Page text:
Clothes soap: 100% free


100% soap free

Free ?

Yes. Yes. 100% free.

I know that what I am about to write might provoke a reaction. I didn't discover anything. Quite the contrary. Like many things we think are innovative, it's actually a very old technique. An old strategy or recipe from Grandma.

So today I'm talking about something that I tested and approved. Which I use in my washer, which washes well and smells clean.

vegetable ash soap

This technique, which has been used for a long time, allows us to have a 100% ecological and economical clothing soap: soap made from plant ash.

This isn't magic, it's chemistry. Plant ash contains potassium. It is a chemical cleansing compound, just like soda.

Although there are several different potash contents among plants, it seems that this does not influence the cleaning power. So any plant ash will do the job.

An easy technique

What you need to get started:

  • A few cups of sifted ash
  • 2 times more water than ash
  • A large cauldron or boiler
  • 1 or 2 dish towels
  • A colander
  • Another clean container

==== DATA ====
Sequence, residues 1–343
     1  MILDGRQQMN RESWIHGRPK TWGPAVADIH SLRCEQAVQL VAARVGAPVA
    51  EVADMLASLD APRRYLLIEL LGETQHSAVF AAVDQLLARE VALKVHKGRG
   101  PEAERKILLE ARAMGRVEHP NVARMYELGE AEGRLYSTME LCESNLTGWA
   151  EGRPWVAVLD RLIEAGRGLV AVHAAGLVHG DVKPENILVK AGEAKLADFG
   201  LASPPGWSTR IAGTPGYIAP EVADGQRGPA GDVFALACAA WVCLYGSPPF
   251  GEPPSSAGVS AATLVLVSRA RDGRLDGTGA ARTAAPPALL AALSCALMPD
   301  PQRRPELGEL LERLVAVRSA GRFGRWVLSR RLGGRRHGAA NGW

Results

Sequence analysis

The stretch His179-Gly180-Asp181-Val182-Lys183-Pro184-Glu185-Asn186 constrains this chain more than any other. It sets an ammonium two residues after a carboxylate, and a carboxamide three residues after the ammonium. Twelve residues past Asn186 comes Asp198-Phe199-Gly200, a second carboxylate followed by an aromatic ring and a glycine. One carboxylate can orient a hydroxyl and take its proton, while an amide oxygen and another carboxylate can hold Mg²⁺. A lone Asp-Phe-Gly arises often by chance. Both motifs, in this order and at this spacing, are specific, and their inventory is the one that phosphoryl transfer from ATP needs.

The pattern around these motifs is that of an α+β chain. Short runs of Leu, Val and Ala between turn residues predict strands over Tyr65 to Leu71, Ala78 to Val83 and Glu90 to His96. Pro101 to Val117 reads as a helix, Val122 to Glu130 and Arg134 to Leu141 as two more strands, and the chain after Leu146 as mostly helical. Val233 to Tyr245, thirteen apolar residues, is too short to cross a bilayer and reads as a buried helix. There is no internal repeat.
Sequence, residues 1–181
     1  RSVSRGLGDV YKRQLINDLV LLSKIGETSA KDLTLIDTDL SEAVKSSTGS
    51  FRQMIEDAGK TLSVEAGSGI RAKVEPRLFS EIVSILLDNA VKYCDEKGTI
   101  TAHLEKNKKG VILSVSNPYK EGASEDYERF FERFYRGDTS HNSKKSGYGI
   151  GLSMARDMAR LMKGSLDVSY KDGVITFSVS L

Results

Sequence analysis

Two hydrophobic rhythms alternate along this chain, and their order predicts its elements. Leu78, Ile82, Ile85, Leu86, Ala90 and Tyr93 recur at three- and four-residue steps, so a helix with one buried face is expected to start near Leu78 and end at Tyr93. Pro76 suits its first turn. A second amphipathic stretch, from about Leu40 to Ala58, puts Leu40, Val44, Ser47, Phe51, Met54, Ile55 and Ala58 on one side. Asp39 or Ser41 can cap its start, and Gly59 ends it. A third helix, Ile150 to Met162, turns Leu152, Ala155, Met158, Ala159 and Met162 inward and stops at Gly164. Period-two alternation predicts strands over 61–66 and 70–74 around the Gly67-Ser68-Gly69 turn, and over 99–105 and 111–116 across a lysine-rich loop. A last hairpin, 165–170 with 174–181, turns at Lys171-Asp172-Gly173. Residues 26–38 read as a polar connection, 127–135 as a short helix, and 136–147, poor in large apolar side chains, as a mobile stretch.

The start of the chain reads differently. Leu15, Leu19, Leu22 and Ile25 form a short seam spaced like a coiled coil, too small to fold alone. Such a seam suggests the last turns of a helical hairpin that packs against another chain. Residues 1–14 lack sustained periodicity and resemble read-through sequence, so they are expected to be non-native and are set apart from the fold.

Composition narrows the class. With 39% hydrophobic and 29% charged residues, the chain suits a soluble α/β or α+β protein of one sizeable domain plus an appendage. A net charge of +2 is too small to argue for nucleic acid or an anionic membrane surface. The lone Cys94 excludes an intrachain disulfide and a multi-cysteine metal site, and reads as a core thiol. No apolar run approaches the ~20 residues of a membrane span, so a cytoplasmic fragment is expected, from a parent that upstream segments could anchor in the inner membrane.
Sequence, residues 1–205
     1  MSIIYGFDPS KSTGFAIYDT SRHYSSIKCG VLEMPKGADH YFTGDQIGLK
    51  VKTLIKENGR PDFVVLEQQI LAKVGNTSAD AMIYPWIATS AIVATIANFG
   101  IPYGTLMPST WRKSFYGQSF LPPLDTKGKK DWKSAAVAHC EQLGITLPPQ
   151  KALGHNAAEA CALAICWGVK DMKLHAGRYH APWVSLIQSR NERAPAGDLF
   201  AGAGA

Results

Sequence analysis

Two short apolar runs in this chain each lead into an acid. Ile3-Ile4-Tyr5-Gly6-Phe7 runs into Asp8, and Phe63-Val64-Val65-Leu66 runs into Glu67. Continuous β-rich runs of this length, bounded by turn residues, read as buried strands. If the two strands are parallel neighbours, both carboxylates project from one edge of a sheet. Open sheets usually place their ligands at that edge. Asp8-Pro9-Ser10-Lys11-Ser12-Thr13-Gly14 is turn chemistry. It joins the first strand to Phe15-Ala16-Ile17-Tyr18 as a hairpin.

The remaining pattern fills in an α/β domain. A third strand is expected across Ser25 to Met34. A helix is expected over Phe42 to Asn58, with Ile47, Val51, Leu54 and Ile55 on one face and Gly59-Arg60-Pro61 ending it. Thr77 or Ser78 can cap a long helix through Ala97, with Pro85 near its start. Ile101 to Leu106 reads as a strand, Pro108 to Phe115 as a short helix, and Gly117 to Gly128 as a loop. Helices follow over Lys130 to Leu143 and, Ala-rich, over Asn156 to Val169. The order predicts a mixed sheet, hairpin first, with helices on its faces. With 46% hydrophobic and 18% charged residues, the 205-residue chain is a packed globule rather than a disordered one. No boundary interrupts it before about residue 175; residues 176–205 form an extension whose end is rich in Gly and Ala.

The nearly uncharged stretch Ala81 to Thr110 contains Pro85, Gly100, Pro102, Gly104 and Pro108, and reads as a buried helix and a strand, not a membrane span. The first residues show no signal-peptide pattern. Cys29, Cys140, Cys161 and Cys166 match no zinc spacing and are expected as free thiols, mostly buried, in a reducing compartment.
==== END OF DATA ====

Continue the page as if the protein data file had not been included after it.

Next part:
• A clean reused bottle

So let's get started!

In the best of all worlds, we settle in a well-ventilated place, ideally outside.

  1. We make sure that our ash is well sifted and that there are no pieces left in it (you will appreciate this when the time comes to filter!).
  2. Depending on the size of our container and the quantity of ash we have, we add 2 cups of ash per liter of water.
  3. Mix and leave to macerate for 48 hours, taking care to stir every 6 to 8 hours.
  4. We place our two dishcloths in a colander and filter the preparation into the 2nd container. We let our liquid settle and if there is any ash remaining, we filter it again. The resulting liquid will be more or less soapy to the touch depending on the type of ash used.
  5. Pour the liquid into a clean bottle and use about 100 ml per load.


That's it!

Some suggest adding essential oil to the liquid. We do not recommend it. Essential oils are very concentrated (therefore requiring a lot of plants, therefore arable land) and will be very little, if at all, effective.

The remaining ash can go to the compost or even better directly into your garden. Potash is also a fertilizer!

What do you say about this recipe? Are you giving it a try? It's worth it.

eco-leaf laundry detergent

We can understand that not everyone wants to embark on this little adventure!

If so, there are other lovely eco-friendly products on the market to do your laundry.

There is bulk and two of our favorite products: the eco- washing sheets and the stain remover bar . You will most likely need the latter even if you use ash-based detergent.

Ecologically yours,

eco loco



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